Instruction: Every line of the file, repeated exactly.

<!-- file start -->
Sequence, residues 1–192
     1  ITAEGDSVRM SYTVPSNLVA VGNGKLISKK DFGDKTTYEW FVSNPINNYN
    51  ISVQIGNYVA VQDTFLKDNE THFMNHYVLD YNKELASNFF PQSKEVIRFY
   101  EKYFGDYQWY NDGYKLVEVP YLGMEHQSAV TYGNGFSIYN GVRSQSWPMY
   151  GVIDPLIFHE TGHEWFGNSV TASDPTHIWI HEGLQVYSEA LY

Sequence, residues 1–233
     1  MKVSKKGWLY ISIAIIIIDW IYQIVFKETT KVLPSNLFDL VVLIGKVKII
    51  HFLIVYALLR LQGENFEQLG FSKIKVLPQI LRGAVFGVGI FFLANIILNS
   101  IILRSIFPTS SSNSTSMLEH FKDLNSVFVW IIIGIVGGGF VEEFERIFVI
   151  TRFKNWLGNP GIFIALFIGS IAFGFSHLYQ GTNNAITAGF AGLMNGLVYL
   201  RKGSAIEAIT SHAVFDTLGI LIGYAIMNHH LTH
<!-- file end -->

Sequence, residues 1–192
     1  ITAEGDSVRM SYTVPSNLVA VGNGKLISKK DFGDKTTYEW FVSNPINNYN
    51  ISVQIGNYVA VQDTFLKDNE THFMNHYVLD YNKELASNFF PQSKEVIRFY
   101  EKYFGDYQWY NDGYKLVEVP YLGMEHQSAV TYGNGFSIYN GVRSQSWPMY
   151  GVIDPLIFHE TGHEWFGNSV TASDPTHIWI HEGLQVYSEA LY

Sequence, residues 1–233
     1  MKVSKKGWLY ISIAIIIIDW IYQIVFKETT KVLPSNLFDL VVLIGKVKII
    51  HFLIVYALLR LQGENFEQLG FSKIKVLPQI LRGAVFGVGI FFLANIILNS
   101  IILRSIFPTS SSNSTSMLEH FKDLNSVFVW IIIGIVGGGF VEEFERIFVI
   151  TRFKNWLGNP GIFIALFIGS IAFGFSHLYQ GTNNAITAGF AGLMNGLVYL
   201  RKGSAIEAIT SHAVFDTLGI LIGYAIMNHH LTH